Wed, Oct 08, 2008 - Page 3 News List

Prosecutors detain fourth suspect in case against Chen


Prosecutors yesterday detained Wu Ching-mao (吳景茂), the brother of former first lady Wu Shu-jen (吳淑珍), over his suspected role in an embezzlement and money-laundering scandal involving former president Chen Shui-bian (陳水扁).

Prosecutors said they had requested that Wu be detained to prevent him from collaborating with other suspects in the case.

Wu became the fourth person to be detained in the probe into the former first family’s alleged misconduct.

Last Friday, the Taipei District Court also granted a request by prosecutors to detain a close aide of Chen, Lin Teh-hsun (林德訓), who was the director of Chen’s office from 2005 to early this year, after interrogating him earlier on the same day.

Prosecutors said they suspected Lin was involved in the embezzlement, committing fraud through the abuse of his position and destroying the evidence.

Chen Chen-hui (陳鎮慧), the former cashier of the Presidential Office under Chen Shui-bian, was the first to be detained. Tsai Ming-che (蔡銘哲), the brother of Tsai Mei-li (蔡美利), a college classmate of Wu Shu-jen, was also detained for allegedly accepting a bribe, together with Chen Shui-bian, from a land developer and providing dummy accounts for the money-laundering activities.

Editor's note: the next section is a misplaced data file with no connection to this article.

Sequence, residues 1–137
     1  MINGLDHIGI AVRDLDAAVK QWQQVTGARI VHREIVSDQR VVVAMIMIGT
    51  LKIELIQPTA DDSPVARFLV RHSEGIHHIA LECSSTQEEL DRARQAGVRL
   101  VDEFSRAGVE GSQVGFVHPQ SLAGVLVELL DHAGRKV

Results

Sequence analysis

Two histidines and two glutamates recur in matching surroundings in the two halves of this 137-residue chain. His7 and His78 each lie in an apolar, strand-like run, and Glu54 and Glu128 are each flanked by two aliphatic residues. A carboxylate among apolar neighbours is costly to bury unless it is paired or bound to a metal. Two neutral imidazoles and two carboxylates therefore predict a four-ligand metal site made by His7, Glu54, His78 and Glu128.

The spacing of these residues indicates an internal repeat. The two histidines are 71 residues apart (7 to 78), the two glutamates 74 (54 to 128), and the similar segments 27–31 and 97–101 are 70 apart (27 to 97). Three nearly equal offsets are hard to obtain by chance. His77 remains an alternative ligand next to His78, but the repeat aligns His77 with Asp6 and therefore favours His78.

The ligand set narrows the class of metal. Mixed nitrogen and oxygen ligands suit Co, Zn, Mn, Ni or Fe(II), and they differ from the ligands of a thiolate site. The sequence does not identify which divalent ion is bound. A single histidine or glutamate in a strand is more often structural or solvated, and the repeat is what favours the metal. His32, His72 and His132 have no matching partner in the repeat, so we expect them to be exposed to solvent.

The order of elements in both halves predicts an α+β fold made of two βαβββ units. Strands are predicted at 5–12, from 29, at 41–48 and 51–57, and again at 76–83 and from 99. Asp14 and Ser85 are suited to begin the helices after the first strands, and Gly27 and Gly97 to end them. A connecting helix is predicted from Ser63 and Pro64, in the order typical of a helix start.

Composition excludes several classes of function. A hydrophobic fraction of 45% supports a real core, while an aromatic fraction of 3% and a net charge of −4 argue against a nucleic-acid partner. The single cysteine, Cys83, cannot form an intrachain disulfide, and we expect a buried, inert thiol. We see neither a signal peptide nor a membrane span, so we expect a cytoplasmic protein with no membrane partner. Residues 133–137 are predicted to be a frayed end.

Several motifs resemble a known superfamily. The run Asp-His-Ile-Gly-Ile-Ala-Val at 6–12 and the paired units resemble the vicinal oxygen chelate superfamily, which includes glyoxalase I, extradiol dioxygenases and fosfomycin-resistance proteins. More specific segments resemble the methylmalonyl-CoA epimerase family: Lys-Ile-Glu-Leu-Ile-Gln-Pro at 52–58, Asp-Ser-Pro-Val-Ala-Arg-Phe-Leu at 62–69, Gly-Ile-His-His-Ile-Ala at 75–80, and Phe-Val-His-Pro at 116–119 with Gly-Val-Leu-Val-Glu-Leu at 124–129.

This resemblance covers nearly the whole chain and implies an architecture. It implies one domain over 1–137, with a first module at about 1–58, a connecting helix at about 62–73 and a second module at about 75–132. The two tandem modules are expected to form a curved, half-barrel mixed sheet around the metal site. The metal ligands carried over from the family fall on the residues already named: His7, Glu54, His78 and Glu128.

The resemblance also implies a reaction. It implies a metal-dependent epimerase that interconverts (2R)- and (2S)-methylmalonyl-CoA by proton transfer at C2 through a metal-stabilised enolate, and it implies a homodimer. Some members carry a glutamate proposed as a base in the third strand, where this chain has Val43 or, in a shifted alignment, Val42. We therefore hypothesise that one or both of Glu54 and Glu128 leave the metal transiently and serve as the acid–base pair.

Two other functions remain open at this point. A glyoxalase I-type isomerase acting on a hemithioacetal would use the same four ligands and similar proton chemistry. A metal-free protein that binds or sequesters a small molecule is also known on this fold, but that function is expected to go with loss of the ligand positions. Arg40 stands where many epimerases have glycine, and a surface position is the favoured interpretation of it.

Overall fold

Chen Chen-hui, Tsai Ming-che, Lin Teh-hsun and Wu Ching-mao have been listed as potential defendants in the case, along with Chen Shui-bian, Wu Shu-jen, their son Chen Chih-chung (陳致中) and daughter-in-law Huang Jui-ching (黃睿靚), and Tsai Ming-chieh (蔡銘杰), another brother of Tsai Mei-li.

Those not in custody have been barred from leaving the country.

The Special Investigation Division under the Supreme Prosecutors’ Office said that according to the 2003 rules on operating procedures for the use of the “state affairs” fund for secret missions, the funds must be sent to a special account first before they can be used and then justified by a formal document detailing the purpose of the expenditure.

The prosecutors said that while Lin and Chen Chen-hui had claimed “secret expenses” using half of the “state affairs fund,” they did not provide documents to explain the purpose of the expenditure.

Prosecutors are investigating whether any portion of the “state affairs” fund had been wired to the overseas bank accounts of Chen Shui-bian’s family during his eight-year presidency.

Chen Shui-bian admitted on Aug. 14 that his wife had wired family funds abroad without his knowledge, but insisted that they did not come from the “state affairs” funds.

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